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Coal's heavy cost


Coal's heavy costs    The Boston Globe, august 2007.

Late in his presidency, George W. Bush finally brought himself to lament America's addiction to oil. But neither he or leading democratic politicians have ever rallied the United States to break its addiction to a more lethal form of energy: coal, which supplies half the nation's electricity.

This month, an accident in Utah entombed six miners. three more died trying to rescue them. Four days after the first accident, three coal miners plunged down a shaft to their deaths in an Indiana mine. In China, which has the world's worst coal-mining fatality record, 181 miners are trapped in a floaded mine shaft with little hope of survival. More than 2,000 Chinese coal miners have died in accidents this year.

Then there are the respiratory conditions, including asthma, that are made worse by the sulfur dioxde, nitrogen oxide, and fine particles emitted in coal's combustion. Coal-burning power plants are also the principal man-made source of the nerve-system poison mercury. Its buildup in many species of fish has caused the U.S. Food and Drug Administration to advise women of child-bearing age to limit consumption of that otherwise healthy source of protein. Despite such warnings, women in the United States face a 10-to-15 percent risk of bearing children with mercury levels high enough to slow their mental development.

In Appalachia, mining by mountaintop removal is changing the face of the earth. Coal burning is changing the climate of the earth. Of all the fossil fuels, coal emits the most CO2, the most common greenhouse gas. Fourty percent of America's total of carbon dioxide (CO2) comes from coal burning, mostly to produce electricity. (think of it when you plug your electric car in at night!) Gasifying coal before burning it makes it possible to capture and store CO2 emissions, but the proces raises the cost of the electricity produced and has yet to be tested at full scale. (Cheap-oil & coal technologies -bringing more and easy profit- thus prevent meaningful innovation and real progress!) In the meantime, utilities in the United States and elsewhere continue to build coal-fired plants without controls on CO2. Last year alone, China built more than 90 major coal-fired power plants. (even the Netherlands, one of the globe's most sophisticated countries will possibly build four more coal-fired power plants!)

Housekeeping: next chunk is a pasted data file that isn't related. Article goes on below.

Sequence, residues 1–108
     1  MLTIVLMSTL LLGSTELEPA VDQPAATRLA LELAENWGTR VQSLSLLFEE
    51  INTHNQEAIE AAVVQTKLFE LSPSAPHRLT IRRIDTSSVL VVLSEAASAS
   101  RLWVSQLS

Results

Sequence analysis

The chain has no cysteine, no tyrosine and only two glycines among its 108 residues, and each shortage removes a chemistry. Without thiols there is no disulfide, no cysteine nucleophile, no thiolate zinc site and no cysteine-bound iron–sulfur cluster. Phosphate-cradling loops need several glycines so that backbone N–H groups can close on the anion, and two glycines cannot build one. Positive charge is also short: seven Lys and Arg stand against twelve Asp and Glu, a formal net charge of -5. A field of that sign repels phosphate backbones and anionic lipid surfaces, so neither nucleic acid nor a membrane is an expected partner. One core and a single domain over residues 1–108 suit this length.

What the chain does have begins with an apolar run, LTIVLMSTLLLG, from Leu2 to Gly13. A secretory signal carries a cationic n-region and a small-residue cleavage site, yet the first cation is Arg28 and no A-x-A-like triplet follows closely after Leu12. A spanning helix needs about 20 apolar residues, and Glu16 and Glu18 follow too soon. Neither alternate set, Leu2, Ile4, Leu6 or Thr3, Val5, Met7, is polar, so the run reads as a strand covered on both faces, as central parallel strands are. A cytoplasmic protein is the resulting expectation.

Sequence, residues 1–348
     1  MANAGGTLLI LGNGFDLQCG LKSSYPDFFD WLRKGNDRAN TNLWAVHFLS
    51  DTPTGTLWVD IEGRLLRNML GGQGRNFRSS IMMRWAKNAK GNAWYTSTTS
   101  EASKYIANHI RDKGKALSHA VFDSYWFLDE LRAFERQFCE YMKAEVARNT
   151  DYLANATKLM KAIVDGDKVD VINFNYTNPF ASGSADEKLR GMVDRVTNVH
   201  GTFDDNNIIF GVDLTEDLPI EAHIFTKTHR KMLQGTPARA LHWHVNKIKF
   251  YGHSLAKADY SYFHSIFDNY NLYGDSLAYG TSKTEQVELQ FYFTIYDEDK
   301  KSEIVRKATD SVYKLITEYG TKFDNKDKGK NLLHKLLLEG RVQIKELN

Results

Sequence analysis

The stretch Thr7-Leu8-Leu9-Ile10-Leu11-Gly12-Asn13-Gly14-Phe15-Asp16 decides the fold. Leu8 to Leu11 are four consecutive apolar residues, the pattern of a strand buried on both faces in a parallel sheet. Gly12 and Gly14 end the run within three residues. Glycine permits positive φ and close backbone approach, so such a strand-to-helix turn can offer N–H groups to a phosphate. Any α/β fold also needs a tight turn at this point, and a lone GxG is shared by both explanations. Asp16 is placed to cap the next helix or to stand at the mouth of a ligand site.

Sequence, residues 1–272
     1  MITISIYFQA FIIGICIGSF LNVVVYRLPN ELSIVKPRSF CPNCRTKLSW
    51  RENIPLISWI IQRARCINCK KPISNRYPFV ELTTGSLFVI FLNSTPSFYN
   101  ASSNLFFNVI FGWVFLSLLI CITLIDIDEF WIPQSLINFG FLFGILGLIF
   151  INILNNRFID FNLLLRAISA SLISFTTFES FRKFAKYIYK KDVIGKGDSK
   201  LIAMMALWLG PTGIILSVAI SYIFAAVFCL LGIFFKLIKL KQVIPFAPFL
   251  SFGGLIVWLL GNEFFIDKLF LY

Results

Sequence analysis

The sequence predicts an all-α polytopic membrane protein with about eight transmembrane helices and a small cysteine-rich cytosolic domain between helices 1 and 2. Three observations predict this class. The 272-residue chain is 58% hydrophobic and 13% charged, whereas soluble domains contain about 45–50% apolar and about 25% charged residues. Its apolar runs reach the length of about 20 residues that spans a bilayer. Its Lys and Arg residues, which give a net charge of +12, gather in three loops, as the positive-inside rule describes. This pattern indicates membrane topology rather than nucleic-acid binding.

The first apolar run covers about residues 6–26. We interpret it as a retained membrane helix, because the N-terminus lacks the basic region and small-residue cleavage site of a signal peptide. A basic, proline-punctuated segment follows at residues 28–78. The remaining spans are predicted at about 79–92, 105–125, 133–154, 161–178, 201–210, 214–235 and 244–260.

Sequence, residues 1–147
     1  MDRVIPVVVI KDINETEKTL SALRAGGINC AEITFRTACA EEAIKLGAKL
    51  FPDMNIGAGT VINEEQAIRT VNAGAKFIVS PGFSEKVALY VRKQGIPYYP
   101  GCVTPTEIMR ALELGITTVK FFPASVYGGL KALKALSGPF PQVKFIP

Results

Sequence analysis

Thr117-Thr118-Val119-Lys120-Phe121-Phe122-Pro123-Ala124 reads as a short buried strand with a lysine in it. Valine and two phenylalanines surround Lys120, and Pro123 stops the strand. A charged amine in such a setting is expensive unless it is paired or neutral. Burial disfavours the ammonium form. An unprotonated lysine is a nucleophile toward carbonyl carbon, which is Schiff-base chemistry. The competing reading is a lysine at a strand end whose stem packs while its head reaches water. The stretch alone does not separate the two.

legislation passed by the U.S. House that would force utilities to start getting more of their power from renewable sources face a uncertain future in the Senate. The United States cannot wean itself from coal overnight. But as Congress and all Americans chart the nation's energy future (and energy security!) , coal's environmental costs, especially its contribution to global warming, have to be factored into the equation. So do those accidents in Utah, Indiana and China.

In comparison to coal, no other energy solution - not wind, solar, nuclear, biomass or natural gas - takes as heavy a toll in lives and environmental destruction.

Compare with the position taken on this website: including the mental and moral destruction!

Exxon's global impact on climate change and world stability: video


 :++  State-corporate crime

Sudden Wealth Curse

10 months ago: Russian President Vladimir Putin, center, and the Netherland's Prime Minister Jan Peter Balkenende, left, enter a hall for a signing of documents ceremony in the Moscow Kremlin, Tuesday, Nov. 6, 2007, with Dutch gas company Nederlandse Gasunie NV President Marcel Kramer, right, in the background. Russian and Dutch officials signed an agreement Tuesday to include Dutch gas giant Nederlandse Gasunie NV in the Baltic Sea pipeline designed to bypass several European countries and ship Russian gas directly to Germany. 


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